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Berlioz : Symphonie Fantastique
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Hector Berlioz était-il le plus grand compositeur français du XIXe siècle ? Fait-il partie de la cohorte de génies ignorés de leur vivant ? Plus d'un siècle après sa disparition, on continue de vénérer et fêter ce grand monsieur de la musique française trop longtemps injustement laissé pour compte. C'est, curieusement, grâce au travail de chefs étrangers (Colin Davis, John Eliot Gardiner) que Hector Berlioz est revenu petit à petit au goût du jour. Gardiner sait nous transmettre tout le brio, la joie, l'allégresse de cette Symphonie fantastique aujourd'hui (enfin) entrée au répertoire de tous les plus grands orchestres. Entre lyrisme tout romantique et folie orchestrale propre à Berlioz, cette partition, symbole du style «berliozien» fait d'intelligibilité, de joie et, surtout, d'un savoir-faire orchestral hors du commun, nous apparaît comme une des grandes oeuvres du XIXe siècle. Cette «french touch» est remarquablement servie par le plus français des chef anglais : sir John Eliot Gardiner ! --Jeanne Semprin
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Les instruments moins puissants et l'effectif réduit permet un gain en clarté et transparence, caractères parfois perdus avec les puissants orchestres symphoniques modernes. Il pousse le souci de reconstitution en enregistrant la symphonie Fantastique dans la salle du conservatoire de Paris et en adoptant la disposition en usage lors de sa création en 1830.
Ce qui aurait pu n'être qu'un exercice musicologique sera une réussite artistique totale. Appliquant l'agilité du phrasé maîtrisée dans la musique vocale et baroque, la musique retrouve jeunesse et fougue telles que Berlioz l'aurait sans doute souhaitées.
Roger Norrington l'avait précédé à sa manière trois ans auparavant.
Ainsi, Dans "un bal", l'orchestre se pare de mille feux crépusculaires. Le jeu des instruments bicentenaires est d'une fraîcheur et d'un équilibre sans égal, concertant et sans aucune lourdeur. Berlioz n'a pas écrit un traité d'orchestration renommé pour rien.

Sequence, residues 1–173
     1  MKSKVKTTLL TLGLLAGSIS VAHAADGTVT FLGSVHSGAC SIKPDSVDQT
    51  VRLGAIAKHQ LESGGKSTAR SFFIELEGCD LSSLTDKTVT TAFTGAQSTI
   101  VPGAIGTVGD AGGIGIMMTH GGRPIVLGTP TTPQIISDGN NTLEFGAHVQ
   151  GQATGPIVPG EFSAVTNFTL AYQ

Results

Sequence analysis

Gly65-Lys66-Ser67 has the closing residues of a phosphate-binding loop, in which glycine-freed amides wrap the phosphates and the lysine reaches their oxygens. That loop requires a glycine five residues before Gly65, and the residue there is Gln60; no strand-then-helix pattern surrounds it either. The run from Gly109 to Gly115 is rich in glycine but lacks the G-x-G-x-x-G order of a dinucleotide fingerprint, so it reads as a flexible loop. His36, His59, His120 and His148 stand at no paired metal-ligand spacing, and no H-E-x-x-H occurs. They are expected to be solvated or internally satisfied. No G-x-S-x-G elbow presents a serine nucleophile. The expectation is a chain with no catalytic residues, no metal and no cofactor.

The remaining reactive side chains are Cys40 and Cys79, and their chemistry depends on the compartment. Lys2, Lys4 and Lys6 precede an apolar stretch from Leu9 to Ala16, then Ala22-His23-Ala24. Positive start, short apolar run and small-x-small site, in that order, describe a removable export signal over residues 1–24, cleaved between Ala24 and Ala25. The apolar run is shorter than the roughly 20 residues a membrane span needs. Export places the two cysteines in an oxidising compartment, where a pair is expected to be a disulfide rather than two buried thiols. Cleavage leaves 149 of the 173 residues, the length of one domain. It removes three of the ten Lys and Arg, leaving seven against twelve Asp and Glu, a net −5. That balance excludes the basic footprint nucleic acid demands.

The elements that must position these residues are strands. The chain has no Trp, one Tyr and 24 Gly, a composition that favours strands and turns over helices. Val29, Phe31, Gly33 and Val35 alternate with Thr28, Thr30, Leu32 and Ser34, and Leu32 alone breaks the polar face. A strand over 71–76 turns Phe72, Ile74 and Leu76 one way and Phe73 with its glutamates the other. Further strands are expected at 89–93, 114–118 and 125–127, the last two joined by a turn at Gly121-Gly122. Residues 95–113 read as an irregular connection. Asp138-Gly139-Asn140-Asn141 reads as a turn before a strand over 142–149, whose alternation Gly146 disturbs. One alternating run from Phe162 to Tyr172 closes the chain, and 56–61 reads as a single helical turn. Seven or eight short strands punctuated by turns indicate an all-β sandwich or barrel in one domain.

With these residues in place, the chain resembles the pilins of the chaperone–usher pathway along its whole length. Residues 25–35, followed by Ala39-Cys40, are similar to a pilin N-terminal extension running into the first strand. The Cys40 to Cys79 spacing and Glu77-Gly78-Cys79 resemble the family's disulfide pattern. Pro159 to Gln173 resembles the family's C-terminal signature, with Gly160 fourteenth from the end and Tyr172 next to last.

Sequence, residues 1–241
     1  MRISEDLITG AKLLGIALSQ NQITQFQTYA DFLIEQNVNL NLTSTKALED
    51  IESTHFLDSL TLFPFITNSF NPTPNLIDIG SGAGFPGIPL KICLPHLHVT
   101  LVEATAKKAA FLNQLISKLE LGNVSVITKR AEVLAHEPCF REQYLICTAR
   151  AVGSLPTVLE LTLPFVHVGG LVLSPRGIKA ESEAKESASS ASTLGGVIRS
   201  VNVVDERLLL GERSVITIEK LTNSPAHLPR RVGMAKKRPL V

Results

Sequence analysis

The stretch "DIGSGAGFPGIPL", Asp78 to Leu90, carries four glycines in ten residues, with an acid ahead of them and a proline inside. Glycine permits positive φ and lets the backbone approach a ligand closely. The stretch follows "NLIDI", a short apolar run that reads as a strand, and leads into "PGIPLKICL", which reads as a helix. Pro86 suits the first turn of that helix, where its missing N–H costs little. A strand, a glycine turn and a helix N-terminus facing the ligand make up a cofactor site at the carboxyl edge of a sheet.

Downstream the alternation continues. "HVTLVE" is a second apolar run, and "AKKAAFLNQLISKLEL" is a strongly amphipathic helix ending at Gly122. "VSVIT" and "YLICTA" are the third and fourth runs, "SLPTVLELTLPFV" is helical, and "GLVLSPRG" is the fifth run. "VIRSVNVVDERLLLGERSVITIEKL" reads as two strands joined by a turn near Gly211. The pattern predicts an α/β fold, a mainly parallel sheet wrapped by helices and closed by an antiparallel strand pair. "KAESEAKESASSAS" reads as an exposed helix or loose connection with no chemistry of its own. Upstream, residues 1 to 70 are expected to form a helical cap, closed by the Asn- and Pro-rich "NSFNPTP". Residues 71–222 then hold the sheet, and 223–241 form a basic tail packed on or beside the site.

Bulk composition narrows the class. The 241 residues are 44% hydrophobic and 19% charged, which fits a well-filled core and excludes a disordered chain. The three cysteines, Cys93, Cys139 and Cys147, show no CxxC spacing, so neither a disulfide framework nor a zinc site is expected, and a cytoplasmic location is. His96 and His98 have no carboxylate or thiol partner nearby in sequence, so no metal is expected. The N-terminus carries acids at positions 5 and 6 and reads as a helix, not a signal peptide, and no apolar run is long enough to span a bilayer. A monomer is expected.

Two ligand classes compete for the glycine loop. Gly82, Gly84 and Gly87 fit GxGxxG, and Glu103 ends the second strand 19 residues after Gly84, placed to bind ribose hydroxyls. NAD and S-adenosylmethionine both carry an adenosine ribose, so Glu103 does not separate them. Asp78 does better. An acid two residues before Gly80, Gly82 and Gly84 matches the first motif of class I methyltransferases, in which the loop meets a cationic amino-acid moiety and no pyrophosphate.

Pareillement, dans "songe d'une nuit de sabbat", nos joyeuses sorcières partent sur un plan diablerie. Monstrueuses et difformes, surgies d'un tableau de Goya, elles sautillent, se chamaillent, pressées d'atteindre leur lieu de culte maléfique. Il fallait vraiment Sir John pour instiller une pincée d'humour anglais dans ce sabbat sous stupéfiants. Le discours s'épanouit en Requiem désinvolte des cuivres et des pizzicati ! Éblouissant de verve sarcastique jusqu'à la coda plus exaltée que furieuse.
Une interprétations qui nous rappelle que Berlioz n'a que 27 ans... Bien entendu, Munch et sa violence contrôlée à Boston ou encore la vitalité de Monteux a San Francisco et l'élégance de Colin Davis à Londres restent des monuments.
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The symphony was written just three years after Beethoven's death, and in this account, it struck me as a kind of commentary, not on Beethoven himself, but on the possibilities of thematic transformation that Beethoven's essentially classical manners didn't pursue, even though his music points beyond classical manners to . . . what? Schubert and Brahms, to be sure -- but also to the degree of thematic transformation that a non-German composer like Berlioz feels freer to experiment with? One wonders what Beethoven would have thought of it, had he lived just a bit longer and managed to hear a performance. The slow movement seems to play with the Pastoral Symphony, and the final movement with the Seventh's finale -- and I mean "play with." The "program" suggests something dire and sick, but the music has energy, humor, and high spirits in much of its development. It's closer in spirit, I think, to "Tam O' Shanter" than to "Young Goodman Brown." Just a great recording.
That Frenchman was of course Hector Berlioz, and his work that received its premiere on December 5, 1830 was his Symphonie fantastique. And, if you had been one of the concertgoers at this premiere, as you proceeded to your seat, you would take in the vista of an orchestra whose likes (and size) you had never seen before, one with four harps across the front, a battery of timpani arrayed across the rear, and, as well, a number of woodwind and brass instruments never before seen in such an ensemble. An unusually young man with an unruly mop of red hair would take the podium, thence to lead the orchestra in a near-hour-long work that would affect the course of musical history for a century to come. The work would be an instant success, and young Berlioz, unruly red mop and all, would become an overnight celebrity as a result.
What John Eliot Gardiner and his Orchestre Révolutionnaire et Romantique have endeavored to do in this recording is nothing less than to recapture the excitement of that premiere, right down to details such as the actual performance venue and the incorporation of period instruments used by Berlioz then but seldom since. This is as close as one could possibly come to recreating that evening, and the recreation is a splendid, even smashing, success.